Friday, January 28, 2011
The Cannonball Read III - Osaka Slide: #2 - Oogy, The Dog Only A Family Could Love; by Larry Levin
Household pets are amazing. They're resilient, they're cuddly, and they're capable of things that even you wouldn't understand. (For the life of me, I don't know why my kittens nibble on the edges of books, outside of my theory that they are indeed trying to read them.) The language barrier between an owner and their lovely companion is never a problem, as both understands the other through an evolving process of discourse. Some pets pick up good behaviors, some pets pick up bad behaviors. Put a pet with the wrong owner, and they would most likely pick up traits and commands that the right owner wouldn't exactly approve of. Abuse a pet, and they may never trust a human again, thus leading to a long chain of shelters, aborted homes, and the growing probability of being euthanized, the ultimate sign of giving up on an animal. However, not all animals who have suffered at the hands of cruelty are unfriendly "beasts" that will never have a home. Oogy is living proof.
According to Larry Levin's chronology, Oogy was two months old when he was used as a "bait dog": easy competition to train up tougher dogs willing to fight. The bigger dog presumably latched onto Oogy's face and shook him so hard he fractured his jaw severely and turned his face into a bloody mess. After lackluster care at an emergency veterinary clinic that assumed he'd never have a home or survive to even have hope of doing so, Diana Klein rescued this dog and brought him to Ardmore Animal Hospital in Ardmore, Pa. Once he was on his feet, the staff of AAH learned that Oogy, despite his rough and tumble beginnings, was still very much a love sponge. He loved all, and all loved him, and even if he never found a home he'd always have Ardmore to fall back on.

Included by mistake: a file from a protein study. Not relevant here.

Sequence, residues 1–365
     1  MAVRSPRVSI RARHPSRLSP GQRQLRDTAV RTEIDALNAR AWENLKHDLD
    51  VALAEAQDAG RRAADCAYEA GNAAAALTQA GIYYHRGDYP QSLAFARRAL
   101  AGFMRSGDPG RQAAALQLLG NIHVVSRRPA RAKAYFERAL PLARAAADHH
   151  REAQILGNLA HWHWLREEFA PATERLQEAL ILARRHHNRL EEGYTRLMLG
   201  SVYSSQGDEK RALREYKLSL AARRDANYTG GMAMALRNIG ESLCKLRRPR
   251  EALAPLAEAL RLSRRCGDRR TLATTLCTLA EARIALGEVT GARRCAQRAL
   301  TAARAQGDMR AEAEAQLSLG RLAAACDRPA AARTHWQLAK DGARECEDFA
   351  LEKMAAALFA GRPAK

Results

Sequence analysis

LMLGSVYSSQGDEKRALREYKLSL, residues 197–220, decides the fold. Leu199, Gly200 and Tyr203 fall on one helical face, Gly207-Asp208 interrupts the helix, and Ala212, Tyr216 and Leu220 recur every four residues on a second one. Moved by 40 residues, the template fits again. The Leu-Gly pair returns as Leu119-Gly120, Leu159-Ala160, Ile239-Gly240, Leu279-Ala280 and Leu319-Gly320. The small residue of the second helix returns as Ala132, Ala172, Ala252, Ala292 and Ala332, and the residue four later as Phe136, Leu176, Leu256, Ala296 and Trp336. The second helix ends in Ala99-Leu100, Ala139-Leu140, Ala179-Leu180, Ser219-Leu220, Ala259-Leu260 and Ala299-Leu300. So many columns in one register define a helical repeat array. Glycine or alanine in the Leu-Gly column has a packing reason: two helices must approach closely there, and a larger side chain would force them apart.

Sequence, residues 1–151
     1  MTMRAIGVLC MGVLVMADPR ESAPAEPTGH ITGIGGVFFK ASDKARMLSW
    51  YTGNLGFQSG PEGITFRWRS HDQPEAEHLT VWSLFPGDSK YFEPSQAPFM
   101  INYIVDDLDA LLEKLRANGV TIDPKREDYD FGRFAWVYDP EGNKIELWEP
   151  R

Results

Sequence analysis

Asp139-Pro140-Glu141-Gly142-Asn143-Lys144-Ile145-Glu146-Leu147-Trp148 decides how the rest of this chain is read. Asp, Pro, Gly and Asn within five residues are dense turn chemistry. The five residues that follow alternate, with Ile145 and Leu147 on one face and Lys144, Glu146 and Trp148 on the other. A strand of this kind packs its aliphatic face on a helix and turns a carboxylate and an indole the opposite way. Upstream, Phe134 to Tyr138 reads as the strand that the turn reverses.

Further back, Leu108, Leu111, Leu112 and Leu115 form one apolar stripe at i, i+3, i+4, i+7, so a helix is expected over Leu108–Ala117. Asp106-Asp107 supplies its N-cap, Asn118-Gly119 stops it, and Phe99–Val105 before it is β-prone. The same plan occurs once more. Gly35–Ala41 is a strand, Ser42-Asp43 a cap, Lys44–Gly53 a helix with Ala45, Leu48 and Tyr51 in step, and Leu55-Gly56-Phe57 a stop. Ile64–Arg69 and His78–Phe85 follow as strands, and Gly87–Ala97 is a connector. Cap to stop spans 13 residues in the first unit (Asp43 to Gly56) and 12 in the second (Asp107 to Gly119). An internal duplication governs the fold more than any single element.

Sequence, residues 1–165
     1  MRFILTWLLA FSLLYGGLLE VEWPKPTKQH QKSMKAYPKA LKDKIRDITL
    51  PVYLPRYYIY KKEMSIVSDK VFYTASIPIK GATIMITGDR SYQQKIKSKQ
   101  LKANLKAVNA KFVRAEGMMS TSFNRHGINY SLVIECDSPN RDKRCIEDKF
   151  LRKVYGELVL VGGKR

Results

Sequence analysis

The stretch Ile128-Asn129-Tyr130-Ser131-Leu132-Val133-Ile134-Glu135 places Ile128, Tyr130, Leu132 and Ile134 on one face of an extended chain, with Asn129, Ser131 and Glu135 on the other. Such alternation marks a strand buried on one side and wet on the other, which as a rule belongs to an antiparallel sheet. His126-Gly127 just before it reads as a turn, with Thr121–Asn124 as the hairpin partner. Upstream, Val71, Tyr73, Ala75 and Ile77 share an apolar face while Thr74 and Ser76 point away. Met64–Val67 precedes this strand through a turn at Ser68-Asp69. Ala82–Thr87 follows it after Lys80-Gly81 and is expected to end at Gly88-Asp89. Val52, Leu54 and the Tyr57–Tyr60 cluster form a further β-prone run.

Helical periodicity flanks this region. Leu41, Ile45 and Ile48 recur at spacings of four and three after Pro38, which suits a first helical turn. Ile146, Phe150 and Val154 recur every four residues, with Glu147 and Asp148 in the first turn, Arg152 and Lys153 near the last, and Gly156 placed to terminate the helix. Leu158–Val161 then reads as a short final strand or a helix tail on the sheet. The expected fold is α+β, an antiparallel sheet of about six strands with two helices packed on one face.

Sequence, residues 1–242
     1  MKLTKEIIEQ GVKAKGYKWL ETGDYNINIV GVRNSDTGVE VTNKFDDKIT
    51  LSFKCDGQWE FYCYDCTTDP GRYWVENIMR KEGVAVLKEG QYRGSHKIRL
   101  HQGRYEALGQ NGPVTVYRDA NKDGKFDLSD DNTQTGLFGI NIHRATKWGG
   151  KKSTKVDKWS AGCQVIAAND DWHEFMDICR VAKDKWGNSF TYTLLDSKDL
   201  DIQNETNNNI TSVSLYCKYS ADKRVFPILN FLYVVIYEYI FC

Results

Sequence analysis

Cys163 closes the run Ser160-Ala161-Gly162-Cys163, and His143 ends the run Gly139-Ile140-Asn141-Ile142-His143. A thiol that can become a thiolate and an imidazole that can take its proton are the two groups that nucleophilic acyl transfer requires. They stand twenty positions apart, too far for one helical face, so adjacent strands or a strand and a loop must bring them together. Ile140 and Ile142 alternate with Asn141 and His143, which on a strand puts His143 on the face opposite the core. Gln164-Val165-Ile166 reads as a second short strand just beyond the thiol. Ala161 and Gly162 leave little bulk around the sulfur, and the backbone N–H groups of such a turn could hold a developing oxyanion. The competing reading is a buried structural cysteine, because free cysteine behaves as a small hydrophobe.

Meanwhile, Larry Levin and his family were preparing to say goodbye to their family pet, a cat named Buzzy. The day he and his two sons brought the cat to the vet's office, they met Oogy. In customary fashion, he sniffed and licked and loved his way into their hearts. They had found their new pet and they knew it was fated to be. Oogy: The Dog Only a Family Could Love is a story of love and redemption, as Levin chronicles his family's adoption process (he and his wife adopted their twin boys, as well as Oogy), the daily routine around the house, and ultimately the process of getting Oogy adjusted to his new home. Jumping back and forth between past and present, Larry ultimately weaves a tale of how where you come from doesn't always determine who you are. It's the people you surround yourself with, the people you develop with, that truly make you who you are.
As a pet owner, and as a reader, I enjoyed this book immensely. It's not a page turner, but that's not a knock against its natural pacing. It'll take a little while to read it, but ultimately it's worth the trip. Personally, I'd like to hear more about Oogy and would love another volume of Levin family stories to go along with all of the heartwarming antics of this extremely lovable dog. For now though, I'd strongly suggest picking up Oogy: The Dog Only a Family Could Love.
Next Up: I am a Genius of Unspeakable Evil and I want to be your Class President by Josh Lieb